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Published on: October 31, 2014
by Jeff Friedman for Bandon Western World:
Ageism is a kind of discrimination against older people supported by a number of false assumptions. For example, at one time many psychiatrists, psychologists and sociologists espoused a concept called “detachment theory.” This theory postulated that it was normal for people to become less involved in all aspects of life as they aged, that is, to become socially isolated and less productive.
It was also thought normal that many older people would naturally become depressed. Fortunately, ongoing research has dispelled these toxic beliefs but the question becomes: What can people do for themselves and others to maximize quality of life in old age?
What you can do to help yourself
1. Depression is a treatable mental illness and should not be ignored. Most people respond to medication, or counseling, or both. Since chronic illnesses tend to increase with age, it is important to understand that treating depression may well facilitate treatment of co-occurring illnesses.
2. Discuss with your health care provider what sort of exercise program might be appropriate for you.
3. Assess the utility of your support system and consider reaching out to family and friends and, if possible, make some new friends.
4. Exercise your brain. There are many brain games available on line. Even consider learning a new language.
5. Try to have a sense of purpose in life. Utilize the skills you have acquired. Consider volunteer work.
6. Some people, as they grow older, find it useful to engage in “life review.” Reminiscing about important past events perhaps can help you make greater sense of your life and assist in coming to improved self-understanding. This can occur in a number of ways including sharing memories with friends and family and journaling.
7. Learn some skills that will help you not become overwhelmed. For example, consider daily meditation and other relaxation approaches such as yoga. Practice problem-solving: If you are having difficulty accomplishing a task, divide it into doable parts. Find some healthy ways to reward yourself when you succeed. When you’re having a particularly difficult, stressful day, call a friend. Just contacting someone who will listen sympathetically can help a great deal.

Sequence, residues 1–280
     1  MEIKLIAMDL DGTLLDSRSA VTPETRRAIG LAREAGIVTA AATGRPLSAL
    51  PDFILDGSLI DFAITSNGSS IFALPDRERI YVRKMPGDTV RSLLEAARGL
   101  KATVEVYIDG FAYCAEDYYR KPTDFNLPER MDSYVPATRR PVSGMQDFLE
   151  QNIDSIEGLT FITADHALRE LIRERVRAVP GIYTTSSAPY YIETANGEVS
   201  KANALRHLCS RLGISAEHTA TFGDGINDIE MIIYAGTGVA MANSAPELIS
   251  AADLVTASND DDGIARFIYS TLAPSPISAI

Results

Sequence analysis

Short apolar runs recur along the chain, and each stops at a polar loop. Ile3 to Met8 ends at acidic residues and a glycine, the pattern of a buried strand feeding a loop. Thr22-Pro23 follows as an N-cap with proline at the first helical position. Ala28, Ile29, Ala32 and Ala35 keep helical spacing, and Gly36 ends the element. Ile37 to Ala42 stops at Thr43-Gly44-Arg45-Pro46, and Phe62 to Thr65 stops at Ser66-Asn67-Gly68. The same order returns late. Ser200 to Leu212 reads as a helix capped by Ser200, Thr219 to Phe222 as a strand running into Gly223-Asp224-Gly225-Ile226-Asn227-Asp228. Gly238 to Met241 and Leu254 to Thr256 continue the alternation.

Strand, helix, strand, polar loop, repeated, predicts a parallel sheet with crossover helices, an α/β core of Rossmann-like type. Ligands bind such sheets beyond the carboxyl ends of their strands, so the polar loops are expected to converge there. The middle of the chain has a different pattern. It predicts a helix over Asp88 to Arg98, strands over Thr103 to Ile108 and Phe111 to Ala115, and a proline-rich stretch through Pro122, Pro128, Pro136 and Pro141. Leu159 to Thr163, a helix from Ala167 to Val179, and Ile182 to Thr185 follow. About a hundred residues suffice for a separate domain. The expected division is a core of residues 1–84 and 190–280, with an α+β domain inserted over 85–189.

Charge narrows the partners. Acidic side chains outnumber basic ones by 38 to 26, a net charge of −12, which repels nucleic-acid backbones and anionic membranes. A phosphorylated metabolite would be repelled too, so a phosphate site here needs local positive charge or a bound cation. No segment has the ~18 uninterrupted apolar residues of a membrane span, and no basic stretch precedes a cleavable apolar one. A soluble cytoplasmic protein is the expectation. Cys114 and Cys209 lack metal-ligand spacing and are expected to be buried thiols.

8. Practice “sleep hygiene.” As one ages, falling asleep and staying asleep can become problematic. A good night’s sleep facilitates improved health and daytime coping. Limit caffeine intake after noon. An hour before bedtime, turn off the television and turn off some lights. When you go to bed make sure the bedroom is as dark as possible. If you’re not asleep after a half hour or so, get up and sit in the living room until you feel drowsy. It’s all right to read, but don’t watch television. Repeat this procedure as needed. Try to get up around the same time each morning (preferably not too late) and get some morning light.
9. Have your vision and hearing checked on a regular basis. Auditory and visual errors can masquerade as, or exacerbate, mental illness.
What you can do to help others
1. Be a confidant. Establish a relationship of trust with an isolated older person.
2. Provide practical assistance (help with chores and transportation, etc. In doing so you also provide opportunities for socialization.
3. Facilitate access to a health care provider, if necessary.
4. As mentioned above, depression is not necessarily correlated with old age, but some isolated older people are in the high risk category for suicide. Take threats of suicide seriously and arrange for help.
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